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Friendly Stars

I couldn’t run forever.  I knew that, though my mind kept insisting I could, I really could.  If things don’t go your way, what else are you supposed to do?  Abandon ship, move on, try something new, right?  

The eviction notice on my door that morning was a bit of reality punching me in the face.  I mean, I understand it.  I’d evict me, too, if it had been a full three months since I’d seen a rent check.  Making and breaking the same promise ninety days in a row has its consequences.  I didn’t mean to, but the world seemed to be conspiring against me, and I was drowning in a flood of misfortune and unexpected, expensive events.

I sat by the lake, my toes just skimming the top of the water as I dangled my legs over the edge of the dock.  It was the last beautiful place in my world, and since it seemed I would be moving on soon, I wanted to visit it one more time.  Besides, I was tired of lying in my bed, staring at the ceiling, wondering where I would go next and if my 1982 Nissan Stanza, fondly named Stan, would even make it there.  The world felt like a cruel, bleak place.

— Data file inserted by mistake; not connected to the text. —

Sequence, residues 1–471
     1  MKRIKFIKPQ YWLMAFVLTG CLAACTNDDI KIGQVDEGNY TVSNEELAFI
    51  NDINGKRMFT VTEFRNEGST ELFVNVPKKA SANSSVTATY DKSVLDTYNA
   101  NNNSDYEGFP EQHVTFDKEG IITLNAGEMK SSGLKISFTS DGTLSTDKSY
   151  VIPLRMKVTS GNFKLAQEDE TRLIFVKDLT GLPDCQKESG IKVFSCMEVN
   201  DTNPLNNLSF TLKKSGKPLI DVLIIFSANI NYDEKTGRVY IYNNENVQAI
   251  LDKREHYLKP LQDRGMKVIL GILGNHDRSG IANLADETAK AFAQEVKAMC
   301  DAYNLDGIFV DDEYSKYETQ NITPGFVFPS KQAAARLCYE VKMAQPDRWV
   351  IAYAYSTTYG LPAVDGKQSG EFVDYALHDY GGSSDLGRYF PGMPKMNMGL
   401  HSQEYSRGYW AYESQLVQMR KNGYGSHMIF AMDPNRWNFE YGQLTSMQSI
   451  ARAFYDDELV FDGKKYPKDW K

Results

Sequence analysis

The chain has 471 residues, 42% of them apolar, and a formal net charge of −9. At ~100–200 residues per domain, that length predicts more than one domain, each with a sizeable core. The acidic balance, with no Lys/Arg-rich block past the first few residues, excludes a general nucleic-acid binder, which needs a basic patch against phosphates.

The lake wasn’t huge.  It sat in a small basin, just a little ways outside of town.  There were trees all the way around it, and large boulders punctuating the shoreline here and there.  There was a large choir of frogs filling the air with their lovely raspy, monotone song.  The night was a clear one, and the stars were blazing overhead.  I’d never seen them quite so bright, not this close to town.  I scoured the sky for shooting stars.  Ever since I was little, I had a knack for spotting them.  People started to accuse me of making it up, since they never saw them, too.  Whatever.